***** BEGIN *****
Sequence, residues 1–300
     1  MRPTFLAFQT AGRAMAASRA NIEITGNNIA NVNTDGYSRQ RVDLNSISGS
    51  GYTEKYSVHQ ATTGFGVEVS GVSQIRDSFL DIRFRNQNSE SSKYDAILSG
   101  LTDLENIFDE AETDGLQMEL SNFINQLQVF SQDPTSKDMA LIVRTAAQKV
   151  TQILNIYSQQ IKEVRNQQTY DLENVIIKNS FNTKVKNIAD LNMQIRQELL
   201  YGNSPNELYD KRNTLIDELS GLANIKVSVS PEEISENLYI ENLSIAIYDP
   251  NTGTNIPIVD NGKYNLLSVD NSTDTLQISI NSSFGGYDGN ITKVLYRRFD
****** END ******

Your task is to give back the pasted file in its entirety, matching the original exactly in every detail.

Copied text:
Sequence, residues 1–300
     1  MRPTFLAFQT AGRAMAASRA NIEITGNNIA NVNTDGYSRQ RVDLNSISGS
    51  GYTEKYSVHQ ATTGFGVEVS GVSQIRDSFL DIRFRNQNSE SSKYDAILSG
   101  LTDLENIFDE AETDGLQMEL SNFINQLQVF SQDPTSKDMA LIVRTAAQKV
   151  TQILNIYSQQ IKEVRNQQTY DLENVIIKNS FNTKVKNIAD LNMQIRQELL
   201  YGNSPNELYD KRNTLIDELS GLANIKVSVS PEEISENLYI ENLSIAIYDP
   251  NTGTNIPIVD NGKYNLLSVD NSTDTLQISI NSSFGGYDGN ITKVLYRRFD